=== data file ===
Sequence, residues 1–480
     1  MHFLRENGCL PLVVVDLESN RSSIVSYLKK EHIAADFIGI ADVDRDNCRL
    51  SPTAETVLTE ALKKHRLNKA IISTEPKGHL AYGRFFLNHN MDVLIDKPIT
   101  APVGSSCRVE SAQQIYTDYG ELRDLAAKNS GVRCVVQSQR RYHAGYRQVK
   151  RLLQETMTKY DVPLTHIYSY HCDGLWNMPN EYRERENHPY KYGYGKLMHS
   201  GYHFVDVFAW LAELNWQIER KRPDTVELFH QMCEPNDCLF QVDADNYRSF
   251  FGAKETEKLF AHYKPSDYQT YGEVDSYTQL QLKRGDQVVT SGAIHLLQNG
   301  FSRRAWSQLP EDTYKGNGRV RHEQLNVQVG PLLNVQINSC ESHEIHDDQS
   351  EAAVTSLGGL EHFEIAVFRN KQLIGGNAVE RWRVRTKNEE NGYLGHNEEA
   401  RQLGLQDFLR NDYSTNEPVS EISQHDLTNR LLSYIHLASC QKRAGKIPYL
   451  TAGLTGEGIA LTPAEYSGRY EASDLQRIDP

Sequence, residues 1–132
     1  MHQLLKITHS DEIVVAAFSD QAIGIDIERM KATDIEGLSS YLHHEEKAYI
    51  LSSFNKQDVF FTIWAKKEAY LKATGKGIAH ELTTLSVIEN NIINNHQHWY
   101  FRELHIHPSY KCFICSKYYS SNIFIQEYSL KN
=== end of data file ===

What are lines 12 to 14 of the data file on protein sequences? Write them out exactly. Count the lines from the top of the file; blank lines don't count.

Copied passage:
Sequence, residues 1–132
     1  MHQLLKITHS DEIVVAAFSD QAIGIDIERM KATDIEGLSS YLHHEEKAYI
    51  LSSFNKQDVF FTIWAKKEAY LKATGKGIAH ELTTLSVIEN NIINNHQHWY